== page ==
Saturday, June 19, 2021
This piece, in America, tells a story about Catholicism in the United States, and about President Biden, that is very difficult to square with the facts. In its narrative, there was a hopeful, Council-inspired Catholicism in America, of which Mr. Biden's "authentic and beaut[iful]" faith was a part, but then abortion politics came along and caused people to (unfairly) question the "sincerity" of that faith. Nowhere in the piece is it mentioned that Mr. Biden previously opposed abortion, and its public funding, but then (like many other political figures) changed his stance in order to conform to perceived political-advancement necessities. The culture warriors to whom he (and others) surrendered were not pro-life Catholic bishops.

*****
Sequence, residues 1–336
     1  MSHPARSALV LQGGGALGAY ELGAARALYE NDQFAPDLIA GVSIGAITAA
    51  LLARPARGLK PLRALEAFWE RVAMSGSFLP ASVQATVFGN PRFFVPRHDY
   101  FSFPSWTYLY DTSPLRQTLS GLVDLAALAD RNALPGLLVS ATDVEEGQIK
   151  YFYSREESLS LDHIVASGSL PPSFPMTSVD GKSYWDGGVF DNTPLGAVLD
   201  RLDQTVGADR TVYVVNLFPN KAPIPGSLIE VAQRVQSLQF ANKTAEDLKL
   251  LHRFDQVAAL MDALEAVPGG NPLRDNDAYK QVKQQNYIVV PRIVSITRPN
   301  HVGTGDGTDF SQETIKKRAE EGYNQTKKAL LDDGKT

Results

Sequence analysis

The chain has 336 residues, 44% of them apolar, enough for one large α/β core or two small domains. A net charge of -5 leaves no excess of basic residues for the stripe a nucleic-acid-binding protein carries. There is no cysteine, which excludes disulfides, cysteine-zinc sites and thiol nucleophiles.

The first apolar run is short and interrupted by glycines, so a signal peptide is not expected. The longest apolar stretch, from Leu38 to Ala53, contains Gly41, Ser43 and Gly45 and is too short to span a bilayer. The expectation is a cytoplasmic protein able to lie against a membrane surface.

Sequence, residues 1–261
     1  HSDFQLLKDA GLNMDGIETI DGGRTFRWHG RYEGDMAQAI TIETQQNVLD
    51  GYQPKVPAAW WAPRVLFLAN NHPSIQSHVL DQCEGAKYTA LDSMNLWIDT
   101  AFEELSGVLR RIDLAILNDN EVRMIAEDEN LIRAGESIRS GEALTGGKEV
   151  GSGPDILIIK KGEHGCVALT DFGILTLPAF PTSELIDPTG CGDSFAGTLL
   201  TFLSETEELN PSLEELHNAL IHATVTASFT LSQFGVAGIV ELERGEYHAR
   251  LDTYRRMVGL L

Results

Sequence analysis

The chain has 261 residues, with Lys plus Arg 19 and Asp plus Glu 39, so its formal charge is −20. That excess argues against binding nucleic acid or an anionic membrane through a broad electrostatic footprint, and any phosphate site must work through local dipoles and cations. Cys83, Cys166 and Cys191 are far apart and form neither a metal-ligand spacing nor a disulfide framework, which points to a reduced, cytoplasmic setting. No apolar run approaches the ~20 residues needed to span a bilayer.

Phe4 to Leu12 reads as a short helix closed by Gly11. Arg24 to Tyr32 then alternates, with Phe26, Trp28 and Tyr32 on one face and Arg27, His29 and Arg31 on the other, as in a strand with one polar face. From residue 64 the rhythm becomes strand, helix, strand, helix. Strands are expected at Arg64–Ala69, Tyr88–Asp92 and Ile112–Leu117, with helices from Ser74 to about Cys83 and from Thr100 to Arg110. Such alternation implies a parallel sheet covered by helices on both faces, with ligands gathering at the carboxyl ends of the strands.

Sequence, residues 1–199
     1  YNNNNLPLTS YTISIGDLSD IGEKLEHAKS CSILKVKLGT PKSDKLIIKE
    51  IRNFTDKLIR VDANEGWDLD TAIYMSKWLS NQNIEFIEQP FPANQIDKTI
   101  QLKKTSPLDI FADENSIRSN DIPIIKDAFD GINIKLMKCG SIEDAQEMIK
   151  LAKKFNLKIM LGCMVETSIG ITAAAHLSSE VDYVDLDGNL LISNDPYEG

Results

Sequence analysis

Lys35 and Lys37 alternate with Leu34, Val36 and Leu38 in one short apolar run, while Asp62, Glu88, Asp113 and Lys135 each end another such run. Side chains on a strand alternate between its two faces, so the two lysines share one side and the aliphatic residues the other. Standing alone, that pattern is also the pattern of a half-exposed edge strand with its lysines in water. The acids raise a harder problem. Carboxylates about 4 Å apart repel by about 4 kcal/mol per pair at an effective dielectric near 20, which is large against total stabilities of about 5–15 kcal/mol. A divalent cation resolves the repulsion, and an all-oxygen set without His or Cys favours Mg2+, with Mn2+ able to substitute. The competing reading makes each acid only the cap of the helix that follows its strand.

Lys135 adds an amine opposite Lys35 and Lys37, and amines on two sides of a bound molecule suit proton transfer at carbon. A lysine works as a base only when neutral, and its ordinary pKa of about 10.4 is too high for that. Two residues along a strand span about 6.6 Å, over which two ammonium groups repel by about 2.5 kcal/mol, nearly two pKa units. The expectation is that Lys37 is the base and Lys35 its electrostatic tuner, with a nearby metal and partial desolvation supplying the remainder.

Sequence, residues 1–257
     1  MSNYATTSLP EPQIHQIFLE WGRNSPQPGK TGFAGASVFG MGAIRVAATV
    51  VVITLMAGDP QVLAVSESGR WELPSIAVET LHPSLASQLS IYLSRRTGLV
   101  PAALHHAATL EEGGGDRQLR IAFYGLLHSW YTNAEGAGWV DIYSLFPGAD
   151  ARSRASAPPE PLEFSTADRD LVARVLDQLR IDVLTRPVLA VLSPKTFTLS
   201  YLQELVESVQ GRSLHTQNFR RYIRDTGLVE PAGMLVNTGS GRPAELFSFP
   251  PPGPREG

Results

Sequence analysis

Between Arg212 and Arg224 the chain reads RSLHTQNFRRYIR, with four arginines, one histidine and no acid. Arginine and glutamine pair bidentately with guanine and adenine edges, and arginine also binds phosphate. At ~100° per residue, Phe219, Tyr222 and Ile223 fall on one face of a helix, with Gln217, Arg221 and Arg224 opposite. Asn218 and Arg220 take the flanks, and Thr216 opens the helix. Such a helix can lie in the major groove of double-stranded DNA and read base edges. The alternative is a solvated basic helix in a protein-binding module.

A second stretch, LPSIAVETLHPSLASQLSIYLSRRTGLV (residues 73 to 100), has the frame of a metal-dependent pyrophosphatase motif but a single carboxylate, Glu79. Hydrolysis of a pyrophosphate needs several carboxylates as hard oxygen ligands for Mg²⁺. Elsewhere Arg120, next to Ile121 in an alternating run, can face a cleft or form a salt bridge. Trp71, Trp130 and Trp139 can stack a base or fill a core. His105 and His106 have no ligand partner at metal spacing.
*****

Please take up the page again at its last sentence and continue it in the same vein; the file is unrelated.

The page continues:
The piece goes on to suggest that the ongoing debates about politicians, abortion, and the Eucharist is about "ownership" of the "brand" of Catholicism. This seems a strange way to frame the question; the Church's pro-life and sacramental teachings are not about "branding" but about truths. Nor, contrary to the piece, do these teachings have anything to do with an asserted "hesitation about democracy" (except, I suppose, insofar as they reflect a view that truths about sacraments and human dignity are not determined by majority vote). It is asserted that the Church "cannot control public policy outcomes" (true enough) and that "[w]e must accompany democracy in order to build up the people who would choose the common good through democracy" (indeed) but it is never conceded that those who "choose" (and, indeed, would expand dramatically) the American abortion regime are opposing, not choosing, the "common good."